The District Youth Welfare association was founded in 1910 to provide social services for children and youth in the district of Hradec Králové. The main representatives of the association, which had in 840 contributors in 1931, were doctor Ladislav Pičman and secretary Helena Babáková.
Shortly after the establishment of the new Czechoslovak state, the association wanted to build its headquarters and accommodation and dining facilities for orphaned and underprivileged children and youth. The lease for the rental flats was supposed to amortize the construction costs. According to the approval certificate, the construction in the street behind the majestic museum building began in November 1923 and was completed on 15 October 1924. The building was designed by architect Václav Rejchl Jr., a member of the Hradec Králové YMCA whose building, also designed by Rejchl, was one of the first YMCA buildings in Czechoslovakia (after the ones built in Prague and Bratislava). YMCA was a sister association the District Youth Welfare, and their activities were carried out in synergy, as reported by Helena Babáková in 1932. Rejchl designed the YMCA building pro bono and even financially contributed to its building; the District Youth Welfare project was a non-profit project as well.
Rejchl designed the exterior in the spirit of rondo decorativism. The building is symmetrical with a triangular tympanum above the cornice. It has two entrances (since the beginning, the street number has been marked as “a” and “b”); above each entrance, there is a convex oriel extending from the first to the second floor; the third floor oriels are terminated with a balcony. In the middle of the street façade, there are three longitudinal balconies with rounded corners. In the window strips between the first and second floors, there are circular medallions with stucco sculptures.
The northern part of the basement (marked as “a”) included cellars for the rental flats and facilities for various social institutions. In addition, there was an orphanage kitchen for twenty toddlers. On the ground floor, there was the orphanage back office, a flat, a dining room for girls, and the YWCA accommodation. On the first floor, there were the orphanage bedrooms, rooms for the continuous surveillance, the YWCA club room with restrooms, and another flat. On the second and third floors, there were four other flats; on the fourth floor, a laundry room with a toilet, the attic, and a storage room. The southern part of the building (marked as “b”) included a large flat on the first and second floors and two flats on the second and third floors. On the fourth floor, there was a laundry room, a toilet, a storage room, and the attic.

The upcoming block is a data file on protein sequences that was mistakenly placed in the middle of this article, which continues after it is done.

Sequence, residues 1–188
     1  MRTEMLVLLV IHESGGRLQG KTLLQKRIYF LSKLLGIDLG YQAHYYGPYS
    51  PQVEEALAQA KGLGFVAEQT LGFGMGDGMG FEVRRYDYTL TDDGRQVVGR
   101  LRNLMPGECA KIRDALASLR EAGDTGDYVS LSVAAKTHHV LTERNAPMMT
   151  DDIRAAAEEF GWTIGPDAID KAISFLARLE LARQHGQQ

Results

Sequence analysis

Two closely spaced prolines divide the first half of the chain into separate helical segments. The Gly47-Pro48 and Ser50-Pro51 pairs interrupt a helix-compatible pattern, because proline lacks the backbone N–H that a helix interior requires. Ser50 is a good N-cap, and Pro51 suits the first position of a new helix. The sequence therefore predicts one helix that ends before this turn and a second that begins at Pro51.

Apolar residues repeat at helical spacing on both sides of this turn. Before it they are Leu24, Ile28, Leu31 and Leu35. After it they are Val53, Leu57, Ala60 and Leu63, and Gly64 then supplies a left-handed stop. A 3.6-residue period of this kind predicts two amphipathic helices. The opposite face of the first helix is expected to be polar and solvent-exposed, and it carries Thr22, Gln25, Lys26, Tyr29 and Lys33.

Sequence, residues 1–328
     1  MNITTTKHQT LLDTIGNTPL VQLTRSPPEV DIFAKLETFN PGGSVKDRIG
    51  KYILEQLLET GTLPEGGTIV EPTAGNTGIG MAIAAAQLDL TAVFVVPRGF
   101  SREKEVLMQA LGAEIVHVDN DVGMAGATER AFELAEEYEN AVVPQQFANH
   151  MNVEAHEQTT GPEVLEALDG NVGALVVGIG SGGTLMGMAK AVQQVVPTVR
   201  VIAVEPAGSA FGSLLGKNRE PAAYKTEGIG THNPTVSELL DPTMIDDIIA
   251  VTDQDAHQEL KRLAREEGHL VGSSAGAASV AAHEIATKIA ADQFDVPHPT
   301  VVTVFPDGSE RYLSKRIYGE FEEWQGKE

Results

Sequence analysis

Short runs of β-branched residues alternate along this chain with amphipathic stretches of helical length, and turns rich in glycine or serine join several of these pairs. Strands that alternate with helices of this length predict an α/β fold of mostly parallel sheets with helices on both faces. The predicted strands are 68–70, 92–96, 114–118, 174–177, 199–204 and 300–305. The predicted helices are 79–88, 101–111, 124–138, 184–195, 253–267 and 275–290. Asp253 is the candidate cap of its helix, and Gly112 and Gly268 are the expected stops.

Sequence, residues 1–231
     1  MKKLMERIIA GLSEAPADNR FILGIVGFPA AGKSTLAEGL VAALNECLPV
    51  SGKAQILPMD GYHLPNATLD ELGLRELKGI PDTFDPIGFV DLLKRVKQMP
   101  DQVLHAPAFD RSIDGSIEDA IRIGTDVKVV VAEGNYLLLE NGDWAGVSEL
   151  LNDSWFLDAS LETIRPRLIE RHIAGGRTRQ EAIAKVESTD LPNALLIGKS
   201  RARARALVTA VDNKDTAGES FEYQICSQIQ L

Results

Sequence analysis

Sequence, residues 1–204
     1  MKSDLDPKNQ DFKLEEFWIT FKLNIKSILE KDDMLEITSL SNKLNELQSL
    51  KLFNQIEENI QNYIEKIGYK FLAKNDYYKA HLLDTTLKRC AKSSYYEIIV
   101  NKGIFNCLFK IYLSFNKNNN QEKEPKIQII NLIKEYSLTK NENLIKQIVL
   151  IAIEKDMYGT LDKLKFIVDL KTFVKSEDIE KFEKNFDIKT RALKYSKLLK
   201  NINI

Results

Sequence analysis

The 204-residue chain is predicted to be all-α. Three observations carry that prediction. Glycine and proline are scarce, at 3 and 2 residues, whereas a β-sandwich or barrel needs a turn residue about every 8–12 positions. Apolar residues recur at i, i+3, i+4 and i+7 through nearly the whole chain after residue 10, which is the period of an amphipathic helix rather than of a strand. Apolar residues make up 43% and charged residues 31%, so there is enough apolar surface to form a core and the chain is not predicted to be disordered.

In addition to running a care centre for toddlers, the District Youth Welfare also assigned regular and extraordinary financial contributions to socially disadvantaged families, provided clothing to children and ran seven canteens in the district Hradec Králové to provide meals to children and youth. It also mediated the adoption of orphaned children in families and other institutions, took care of children in institutional care, and mediated the legal protection of children and adolescents. Following the reorganization of the social services system after 1948, a kindergarten was established in the premises in the 1950s, which has served its purpose to this day.
The District Youth Welfare building is part of the listed the urban conservation area in Hradec Králové.
- Státní okresní archiv v Hradci Králové, fond Berní správa, čp. 627
Helena Babáková, Sociální a sociálně-zdravotní péče na Královéhradecku, in: Karel Mlynář (ed.), Hradec Králové a okolí, Praha; Berlín; Basilej 1932, s. 34–35
Ladislav Zikmund-Lender, Tři generace architektů: Václav st., Václav ml., Jan a Milan Rejchlovi, Hradec Králové 2012, s. 55–56